U.S. Markets closed

China Stands Firm On Risky Lending As Markets Tumble

China's credit crunch, which many had hoped would be short-lived, continued to take its toll Monday on borrowers in the world's No. 2 economy. And the fallout sent stocks and bonds tumbling around the world. The Shanghai composite took the biggest hit, sinking 5.3%. Benchmarks also slid in Hong Kong (off 2.2%), Singapore (off 1.6%) and Australia (off 1.5%).

Yields surged too. The 10-year Treasury rate rose 5 basis points to 2.56% after hitting 2.63% intraday. Ten-year yields jumped 9 ticks in Germany (the EU's safe haven), 22 in Belgium, 28 in Australia, 34 in Singapore and 35 in Portugal. Some of those surges cooled off by day's end.

Chinese interbank rates — the barometer of China's cash shortage — fell Monday for a second straight session — though they remained high. That's due to targeted liquidity injections as the People's Bank of China seeks to "appropriately fine-tune" its policies, as it said in a statement.

But the PBoC made a statement that certainly wasn't meant to reassure a rattled market: Banks must "be prudent in managing the liquidity risks that may arise from an overly fast expansion of loans and other assets.

China Banks Misbehaving?

Behind the disciplinarian action lies a big issue. "(China's leaders) know there's a potential bad-debt problem," said Todd Lee, senior director of global economics at research firm IHS Global Insight. Banks have been making high-risk loans to speculative ventures, especially to property developers. Many such loans come from small banks, which can ill afford a rash of defaults.

Even worse, a so-called shadow banking system has emerged, where banks make loans off their balance sheets, sometimes using fictitious names for borrowers. This is a bid to avoid monitoring by the central bank, which would certainly object to the loans' amounts and risk. Is this legal? "It's a gray area," Lee said.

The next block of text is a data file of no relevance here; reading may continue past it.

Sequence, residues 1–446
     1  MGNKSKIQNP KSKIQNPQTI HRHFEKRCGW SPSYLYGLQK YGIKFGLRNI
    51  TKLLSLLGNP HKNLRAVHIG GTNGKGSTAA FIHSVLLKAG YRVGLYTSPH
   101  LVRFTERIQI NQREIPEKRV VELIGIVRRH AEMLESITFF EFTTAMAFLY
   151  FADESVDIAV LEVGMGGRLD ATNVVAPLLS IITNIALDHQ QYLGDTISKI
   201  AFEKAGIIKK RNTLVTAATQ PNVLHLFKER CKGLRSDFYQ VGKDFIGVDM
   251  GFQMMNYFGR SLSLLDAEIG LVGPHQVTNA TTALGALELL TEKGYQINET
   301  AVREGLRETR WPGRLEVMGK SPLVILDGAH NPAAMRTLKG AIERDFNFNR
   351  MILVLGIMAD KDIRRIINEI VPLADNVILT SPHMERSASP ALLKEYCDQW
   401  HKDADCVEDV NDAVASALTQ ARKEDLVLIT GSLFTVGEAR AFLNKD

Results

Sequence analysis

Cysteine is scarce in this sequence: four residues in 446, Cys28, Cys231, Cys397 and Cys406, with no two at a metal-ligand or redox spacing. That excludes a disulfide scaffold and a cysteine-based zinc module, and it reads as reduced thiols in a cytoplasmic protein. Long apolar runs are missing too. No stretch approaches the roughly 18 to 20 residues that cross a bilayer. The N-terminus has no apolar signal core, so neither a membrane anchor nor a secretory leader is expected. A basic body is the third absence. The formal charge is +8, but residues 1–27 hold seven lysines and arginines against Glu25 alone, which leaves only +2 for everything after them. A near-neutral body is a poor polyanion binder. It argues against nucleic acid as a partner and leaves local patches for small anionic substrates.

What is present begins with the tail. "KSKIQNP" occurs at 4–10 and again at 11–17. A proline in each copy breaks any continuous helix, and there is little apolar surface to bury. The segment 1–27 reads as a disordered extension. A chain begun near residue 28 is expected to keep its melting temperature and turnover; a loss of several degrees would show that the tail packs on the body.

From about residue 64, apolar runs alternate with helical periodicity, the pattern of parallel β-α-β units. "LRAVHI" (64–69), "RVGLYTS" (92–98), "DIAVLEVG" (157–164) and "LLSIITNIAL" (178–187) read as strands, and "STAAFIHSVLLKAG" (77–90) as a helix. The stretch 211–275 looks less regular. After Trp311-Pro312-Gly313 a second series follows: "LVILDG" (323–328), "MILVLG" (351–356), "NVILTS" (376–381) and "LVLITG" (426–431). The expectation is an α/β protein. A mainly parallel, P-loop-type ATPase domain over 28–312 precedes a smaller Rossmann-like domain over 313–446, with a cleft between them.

Authorities' willingness to crack down carries two strong messages, analysts said. First, they're confident that their actions won't lead to an all-out crisis. Second, that banks' push into high-risk areas warrants the PBoC's painful moves.

This may curb short-term economic growth. Goldman Sachs cut Q2 and full-year GDP targets in a Sunday note, noting China's tighter financial conditions.

Morgan Stanley and other investment banks were shaving China growth estimates even before the past few days' turmoil.

Orders From The Top

New Premier Li Keqiang has already cooled expectations for more aggressive fiscal or monetary moves. "(T)he room to rely on stimulus policies or government direct investment is not big ... we must rely on market mechanisms," he said in a May 13 speech.

Might this lead to an unanticipated catastrophe

"We believe a blow-up in systemic risk will not occur as the People's Bank of China is clearly closely monitoring what is happening and still has plenty of ammunition to ease the pressure," Nomura analyst Lucy Feng said in a Monday note. "What is obvious is that the PBoC is no longer tolerating banks taking advantage of the interbank market to boost yields or funding.

The PBoC is flexing its muscles at the worst time from the banks' perspective, said IHS Global Insight's Lee. This is a high-demand season for cash in China. And the Federal Reserve is being more explicit about its quantitative easing exit plans.